After emerging in the Broadway musical Camelot, Robert Goulet enjoyed considerable success on Columbia Records as a seller of LPs in the early '60s, but the label never managed to break a single that might have catapulted him to another level of popularity. When the Beatles hit in 1964, his sales began to flag. Having released Without You in the late summer of 1964, Columbia did not have plans for a fall Goulet LP, but plans changed when unexpectedly the one-off single "My Love, Forgive Me (Amore, Scusami)" took off for the Top 20, and the label quickly cobbled together a My Love Forgive Me tie-in album. It doesn't quite qualify as a compilation, even though it contains tracks previously released as singles, such as the minor chart entry "What Kind of Fool Am I?." Actually, despite the haste with which it was assembled, the album is one of Goulet's better collections. It includes other Anglicized foreign songs, such as "Just Say I Love Her (Dicitencello Vuie)" and Antonio Carlos Jobim's "Quiet Nights of Quiet Stars (Corcovado)." Suddenly with this material, Goulet seemed less like a fading middle-of-the-road pop singer and more like a potential competitor to the mop-topped hordes. As it turned out, his thunder was stolen by the British Invasion tagalongs Tom Jones and Engelbert Humperdinck over the next few years. But with the gold-selling, Top Five My Love Forgive Me LP, he briefly looked like he might be back in the hunt.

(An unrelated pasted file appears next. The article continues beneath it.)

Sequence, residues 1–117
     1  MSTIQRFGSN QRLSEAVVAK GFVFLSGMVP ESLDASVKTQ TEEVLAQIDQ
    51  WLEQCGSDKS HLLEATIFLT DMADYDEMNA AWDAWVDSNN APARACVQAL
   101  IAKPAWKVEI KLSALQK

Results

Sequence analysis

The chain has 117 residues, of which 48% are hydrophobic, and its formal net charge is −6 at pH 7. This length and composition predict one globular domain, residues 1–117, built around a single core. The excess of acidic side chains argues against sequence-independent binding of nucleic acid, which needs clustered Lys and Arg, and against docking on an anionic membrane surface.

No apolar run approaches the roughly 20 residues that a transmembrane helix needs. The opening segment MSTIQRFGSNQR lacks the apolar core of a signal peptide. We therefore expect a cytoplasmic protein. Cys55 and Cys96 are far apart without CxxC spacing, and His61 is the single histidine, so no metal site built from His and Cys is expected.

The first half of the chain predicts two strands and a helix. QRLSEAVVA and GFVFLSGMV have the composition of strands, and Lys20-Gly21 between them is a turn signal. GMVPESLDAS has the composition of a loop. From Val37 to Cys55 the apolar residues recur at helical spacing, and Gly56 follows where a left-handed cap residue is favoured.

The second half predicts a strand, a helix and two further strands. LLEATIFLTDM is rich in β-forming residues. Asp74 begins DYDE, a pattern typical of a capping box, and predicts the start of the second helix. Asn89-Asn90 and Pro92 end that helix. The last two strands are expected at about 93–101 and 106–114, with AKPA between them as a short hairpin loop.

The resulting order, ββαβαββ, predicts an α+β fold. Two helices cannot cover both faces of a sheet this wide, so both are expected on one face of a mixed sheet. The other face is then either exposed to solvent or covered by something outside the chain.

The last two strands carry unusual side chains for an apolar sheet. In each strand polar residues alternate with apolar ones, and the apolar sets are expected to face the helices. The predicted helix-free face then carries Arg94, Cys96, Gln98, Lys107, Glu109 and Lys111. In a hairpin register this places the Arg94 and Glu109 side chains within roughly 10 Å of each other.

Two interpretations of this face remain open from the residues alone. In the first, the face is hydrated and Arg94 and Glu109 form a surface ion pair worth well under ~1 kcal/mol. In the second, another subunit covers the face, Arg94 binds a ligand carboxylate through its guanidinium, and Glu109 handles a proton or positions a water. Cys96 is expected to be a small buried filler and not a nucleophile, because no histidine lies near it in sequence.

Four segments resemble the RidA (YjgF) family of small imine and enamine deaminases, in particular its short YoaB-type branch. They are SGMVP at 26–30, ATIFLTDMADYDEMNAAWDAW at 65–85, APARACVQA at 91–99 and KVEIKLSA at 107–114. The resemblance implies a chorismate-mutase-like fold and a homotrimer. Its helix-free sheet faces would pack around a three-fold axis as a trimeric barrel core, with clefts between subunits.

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AllMusic Review by William Ruhlmann